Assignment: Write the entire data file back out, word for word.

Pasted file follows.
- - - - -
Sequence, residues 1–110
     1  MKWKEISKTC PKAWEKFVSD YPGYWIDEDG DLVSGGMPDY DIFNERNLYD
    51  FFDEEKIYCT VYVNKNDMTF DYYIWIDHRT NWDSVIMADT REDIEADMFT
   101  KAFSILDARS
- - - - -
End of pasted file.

Sequence, residues 1–110
     1  MKWKEISKTC PKAWEKFVSD YPGYWIDEDG DLVSGGMPDY DIFNERNLYD
    51  FFDEEKIYCT VYVNKNDMTF DYYIWIDHRT NWDSVIMADT REDIEADMFT
   101  KAFSILDARS